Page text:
Terminally ill former lecturer wins right to fight assisted dying ban
A terminally ill former lecturer has won the right to challenge the legal ban on assisted dying in the hope that he can end his life at home surrounded by his family.
Noel Conway, 67, from Shrewsbury, Shropshire, was diagnosed with motor neurone disease in November 2014. His condition is incurable and he is not expected to live beyond 12 months.
The court of appeal on Wednesday reversed a previous ruling and said the high court should hear the highly contentious claim.
In their judgment, Lord Justice McFarlane and Lord Justice Beatson said: “It is arguable that the evidence demonstrates that a mechanism of assisted dying can be devised for those in Mr Conway’s narrowly defined group that is practical so as to address one of the unanswered questions in the [earlier Nicklinson right to die case].”
Supported by the organisation Dignity in Dying, Conway has instructed lawyers to seek permission for a judicial review of the ban on assisted dying, which he says prevents him ending his own life without protracted pain. Assisted dying is prohibited by section 2(1) of the Suicide Act 1961 and voluntary euthanasia is considered murder under English and Welsh law.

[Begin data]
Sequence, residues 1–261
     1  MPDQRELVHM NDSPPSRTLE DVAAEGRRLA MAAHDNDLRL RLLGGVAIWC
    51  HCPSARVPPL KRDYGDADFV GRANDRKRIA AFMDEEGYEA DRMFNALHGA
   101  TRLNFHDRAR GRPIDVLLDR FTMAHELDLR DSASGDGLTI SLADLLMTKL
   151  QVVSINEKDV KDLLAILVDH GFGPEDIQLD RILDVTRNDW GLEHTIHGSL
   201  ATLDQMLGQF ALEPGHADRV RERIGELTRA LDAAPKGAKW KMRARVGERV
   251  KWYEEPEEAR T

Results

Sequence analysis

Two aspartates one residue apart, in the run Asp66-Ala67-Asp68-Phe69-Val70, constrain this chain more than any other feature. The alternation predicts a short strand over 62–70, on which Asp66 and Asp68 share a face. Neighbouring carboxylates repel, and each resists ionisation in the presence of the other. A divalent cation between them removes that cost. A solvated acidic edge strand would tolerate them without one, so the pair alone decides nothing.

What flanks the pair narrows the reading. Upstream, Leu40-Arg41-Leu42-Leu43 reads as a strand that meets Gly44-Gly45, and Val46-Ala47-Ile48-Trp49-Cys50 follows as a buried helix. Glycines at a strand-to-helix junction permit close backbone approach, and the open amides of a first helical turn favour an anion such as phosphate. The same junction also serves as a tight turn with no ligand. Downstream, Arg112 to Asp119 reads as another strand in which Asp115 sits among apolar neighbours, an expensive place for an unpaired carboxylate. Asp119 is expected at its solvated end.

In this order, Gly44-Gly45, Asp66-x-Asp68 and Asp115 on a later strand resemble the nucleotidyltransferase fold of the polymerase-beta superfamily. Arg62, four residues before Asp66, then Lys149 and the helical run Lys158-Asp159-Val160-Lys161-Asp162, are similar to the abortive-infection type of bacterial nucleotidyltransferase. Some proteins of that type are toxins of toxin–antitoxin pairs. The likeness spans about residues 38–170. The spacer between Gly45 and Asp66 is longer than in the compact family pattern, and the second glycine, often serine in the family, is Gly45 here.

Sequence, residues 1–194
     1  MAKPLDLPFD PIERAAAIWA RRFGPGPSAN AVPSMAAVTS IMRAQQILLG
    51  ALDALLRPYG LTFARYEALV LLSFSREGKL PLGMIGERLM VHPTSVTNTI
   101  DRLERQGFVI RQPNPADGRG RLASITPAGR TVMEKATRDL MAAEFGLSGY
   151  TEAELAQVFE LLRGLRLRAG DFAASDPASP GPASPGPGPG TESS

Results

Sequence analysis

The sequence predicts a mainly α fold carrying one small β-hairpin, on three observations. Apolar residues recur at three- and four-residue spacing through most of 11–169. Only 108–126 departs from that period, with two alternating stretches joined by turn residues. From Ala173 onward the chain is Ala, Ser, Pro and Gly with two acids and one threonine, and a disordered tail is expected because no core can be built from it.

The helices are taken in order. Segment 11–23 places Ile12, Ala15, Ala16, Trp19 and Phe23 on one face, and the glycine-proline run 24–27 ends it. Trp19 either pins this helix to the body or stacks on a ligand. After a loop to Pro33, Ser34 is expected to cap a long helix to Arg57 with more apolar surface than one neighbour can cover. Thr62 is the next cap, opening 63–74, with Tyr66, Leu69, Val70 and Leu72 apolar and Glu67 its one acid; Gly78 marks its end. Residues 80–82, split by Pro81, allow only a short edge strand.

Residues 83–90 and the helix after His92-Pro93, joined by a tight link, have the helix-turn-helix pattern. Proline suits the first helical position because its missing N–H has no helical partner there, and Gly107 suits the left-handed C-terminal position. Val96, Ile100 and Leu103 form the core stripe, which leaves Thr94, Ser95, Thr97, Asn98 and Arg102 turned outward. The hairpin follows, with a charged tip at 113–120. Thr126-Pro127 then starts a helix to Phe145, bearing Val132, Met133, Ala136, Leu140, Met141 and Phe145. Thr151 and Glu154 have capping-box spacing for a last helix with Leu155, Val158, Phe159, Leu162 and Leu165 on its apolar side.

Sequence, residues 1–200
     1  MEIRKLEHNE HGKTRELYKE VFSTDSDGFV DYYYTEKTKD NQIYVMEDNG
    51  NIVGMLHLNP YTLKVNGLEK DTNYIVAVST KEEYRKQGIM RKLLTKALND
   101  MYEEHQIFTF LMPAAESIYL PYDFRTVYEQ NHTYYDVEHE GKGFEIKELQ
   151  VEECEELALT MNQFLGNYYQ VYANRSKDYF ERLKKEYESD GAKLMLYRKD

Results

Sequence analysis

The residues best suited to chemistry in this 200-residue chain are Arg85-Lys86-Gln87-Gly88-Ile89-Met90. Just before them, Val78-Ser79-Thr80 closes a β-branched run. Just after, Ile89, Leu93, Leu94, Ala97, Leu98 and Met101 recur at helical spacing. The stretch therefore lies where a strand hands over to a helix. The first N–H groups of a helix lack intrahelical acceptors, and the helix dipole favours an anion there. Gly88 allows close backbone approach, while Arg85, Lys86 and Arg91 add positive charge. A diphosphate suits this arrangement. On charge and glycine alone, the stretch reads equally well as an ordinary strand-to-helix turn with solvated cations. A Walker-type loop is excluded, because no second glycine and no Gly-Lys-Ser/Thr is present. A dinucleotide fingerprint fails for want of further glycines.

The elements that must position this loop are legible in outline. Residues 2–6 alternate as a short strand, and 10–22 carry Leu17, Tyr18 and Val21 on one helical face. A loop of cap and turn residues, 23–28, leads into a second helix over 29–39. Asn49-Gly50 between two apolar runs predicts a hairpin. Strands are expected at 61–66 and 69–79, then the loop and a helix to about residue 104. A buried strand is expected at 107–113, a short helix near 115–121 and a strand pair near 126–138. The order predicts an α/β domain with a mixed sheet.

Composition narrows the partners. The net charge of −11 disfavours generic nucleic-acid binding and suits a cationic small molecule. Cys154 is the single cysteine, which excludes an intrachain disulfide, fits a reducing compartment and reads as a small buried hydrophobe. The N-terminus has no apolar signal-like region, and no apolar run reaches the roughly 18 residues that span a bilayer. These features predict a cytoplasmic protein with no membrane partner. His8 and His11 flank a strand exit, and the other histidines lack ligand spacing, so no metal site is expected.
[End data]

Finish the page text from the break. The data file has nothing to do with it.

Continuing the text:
Conway, who was not in court, welcomed the decision and said: “I am delighted that my case will now proceed to the next stage. Clearly the court of appeal has agreed that this is an issue deserving full and proper consideration and I look forward to a full hearing at the high court.
“I am more determined than ever to continue. I have the support of my loved ones and many thousands of others behind me.
“I have lived my whole life on my own terms, in control of the choices and decisions I make. Why then, when I am facing my final months, should these rights be stripped away from me, leaving me at the mercy of a cruel illness?
“I know I am going to die anyway, but how and when should be up to me.”
Sarah Wootton, chief executive of Dignity in Dying, said the law denied terminally ill people like Noel the choice and control they deserved at the end of their lives. She said parliament had failed to adequately address assisted dying and urged the courts to take into account recent developments in assisted dying abroad.
She said: “We are pleased that Noel’s case will now get the full and proper hearing it deserves at the high court. The current law simply does not work for dying people or their families.”
In their judgment, Lord Justices McFarlane and Beatson said: “We consider that, in the context of considering permission for judicial review, the fact that since [the Nicklinson case] parliament has made a decision not to change the law and the matter is no longer under active consideration means that Mr Conway should be entitled to argue that it is no longer institutionally inappropriate for the court to consider whether to make a declaration of incomparability [between the existing law and Conway’s rights under the European convention on human rights].”